Roosevelt was masterful at laying claim to the ideals of self-creation and personal liberty through hard work. In his 1936 speech to the Democratic Convention, Roosevelt decried industrial barons who had imposed a "new despotism", and said that "the average man once more confronts the problem that faced the Minute Man." He exhorted America to fight a "new industrial dictatorship" that crushed "individual initiative". FDR than spelled out his vision of freedom: "Liberty requires opportunity to make a living - a living decent according to the standard of the time, a living which gives a man not only enough to live by, but something to live for .....Today we stand committed to the proposition that freedom is no half-and-half affair. If the average citizen is guaranteed equal opportunity in the polling place, he must have equal opportunity in the marketplace."

Just prior to the conclusion of the book he quotes from another early 20th century leader, Supreme Court Justice Louis Brandeis.

We can have concentrated wealth in the hands of the few or we can have Democracy. We cannot have both.

August 12, 2008

Rules of Attraction

Rules of Attraction

By Bret Easton Ellis


I was prompted to read this book by my recent review of the classic Christian Bale movie written originally by Ellis, 'American Psycho'.

This book, his first, was also turned into a movie, by the same name. I've seen it - my memory of it is positive, but no more distinct than that it reminded me of my first alma mater, Hampshire College. 'Rules of Attraction' as a book however has created quite a distinct memory. Excuse me while I indulge myself by recanting same - and restating some of his same 'rules' for your own pleasure and evolving judgement.

Ellis is a moralist wielding sexuality like a Shao Lin monk or Zen master wields a sword.

Continue reading "Rules of Attraction" »

November 4, 2008

Codename Litefoot

Codename Litefoot

By Robert A. Boyd


Joining the Airforce at 17 in 1965 military brat and NRA match shootist Robert A. Boyd was to get quite the education about America and the World through his experience in Vietnam.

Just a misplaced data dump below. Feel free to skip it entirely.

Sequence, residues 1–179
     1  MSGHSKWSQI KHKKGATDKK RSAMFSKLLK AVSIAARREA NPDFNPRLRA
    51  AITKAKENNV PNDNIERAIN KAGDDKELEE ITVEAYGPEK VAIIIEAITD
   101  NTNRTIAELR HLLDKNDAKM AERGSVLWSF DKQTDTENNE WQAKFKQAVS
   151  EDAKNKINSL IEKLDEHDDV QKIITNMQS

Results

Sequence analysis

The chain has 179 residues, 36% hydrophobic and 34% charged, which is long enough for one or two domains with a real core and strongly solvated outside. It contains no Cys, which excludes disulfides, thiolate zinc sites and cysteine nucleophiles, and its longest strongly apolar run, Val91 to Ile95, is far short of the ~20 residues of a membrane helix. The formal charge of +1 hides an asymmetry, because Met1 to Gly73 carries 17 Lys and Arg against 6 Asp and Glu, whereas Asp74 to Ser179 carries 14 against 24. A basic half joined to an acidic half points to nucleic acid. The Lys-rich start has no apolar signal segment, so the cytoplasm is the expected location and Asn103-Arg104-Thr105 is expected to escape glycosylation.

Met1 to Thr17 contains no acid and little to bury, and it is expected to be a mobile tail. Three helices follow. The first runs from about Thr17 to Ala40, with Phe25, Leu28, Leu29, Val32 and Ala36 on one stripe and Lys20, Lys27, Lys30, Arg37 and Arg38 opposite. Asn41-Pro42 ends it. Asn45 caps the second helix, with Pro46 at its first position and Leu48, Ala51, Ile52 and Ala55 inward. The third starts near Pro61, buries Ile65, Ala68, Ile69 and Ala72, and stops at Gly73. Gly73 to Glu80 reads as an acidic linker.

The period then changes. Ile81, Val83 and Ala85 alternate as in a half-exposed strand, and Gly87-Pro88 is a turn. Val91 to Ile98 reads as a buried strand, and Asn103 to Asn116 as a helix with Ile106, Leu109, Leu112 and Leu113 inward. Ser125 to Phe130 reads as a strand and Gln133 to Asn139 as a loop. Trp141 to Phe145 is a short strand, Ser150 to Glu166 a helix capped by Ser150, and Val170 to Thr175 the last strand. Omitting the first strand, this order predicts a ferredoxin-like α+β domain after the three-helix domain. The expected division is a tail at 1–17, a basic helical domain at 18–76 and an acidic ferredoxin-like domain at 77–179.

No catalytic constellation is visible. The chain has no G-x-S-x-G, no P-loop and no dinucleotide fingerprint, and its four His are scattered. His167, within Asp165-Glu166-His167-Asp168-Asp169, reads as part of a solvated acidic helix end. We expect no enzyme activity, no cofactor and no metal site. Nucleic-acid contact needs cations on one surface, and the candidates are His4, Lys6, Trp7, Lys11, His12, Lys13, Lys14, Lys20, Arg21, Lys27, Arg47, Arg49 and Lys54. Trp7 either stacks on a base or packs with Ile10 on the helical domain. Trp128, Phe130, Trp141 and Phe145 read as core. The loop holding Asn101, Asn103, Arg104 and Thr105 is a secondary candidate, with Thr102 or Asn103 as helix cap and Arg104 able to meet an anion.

This book was written nearly 40 years later motivated in part by a VA PTSD therapist. At 700 pages the account is quite detailed - though not exactly erudite his centrist 'average joe' perspective on the issues of the day is illustrative, and very, very, real. This includes frank discussions on sex and race, as well as his perspective on drug & alcohol use 'in-country'.

Personally I found the most meaning in his description of authority within the military. I'm from a totally different, non-military, world yet there is a logic in his experiences that is relevant to my own. Like the author, I too was trained in target shooting at a young age (though it ended with my parents seperation) - this provided a connection that was all the more eerie for me.

It's also added a new term to my lexicon - the REMF, 'Rear Echelon Mother Fucker' - not too mention also learning about the CIA's role in military operations. The detailed descriptions of scout-sniper operations were also quite interesting.

I'm not a consumer of military literature, so it's not really possible for me to compare this to others in the genre. I read this only because i ran into Mr. Boyd by chance - or was it!

November 22, 2008

The Heart of the World

The Heart of the World:
A Journey to the Last Secret Place

By Ian Baker


This book is a mountain sports person's version of the Da Vinci Code. It concerns a search for a legendary waterfall in one of the most inaccessible places on the planet, the Tsangpo Gorge of the Brahmaputra River. After several hundred miles on the Tibetan plateau, just to the North of Everest, the river cuts through the Himalaya carving a canyon between 25,000 foot peaks. The area is a political no man's land between India and China, peopled by the most remote fingers of Tibetan culture.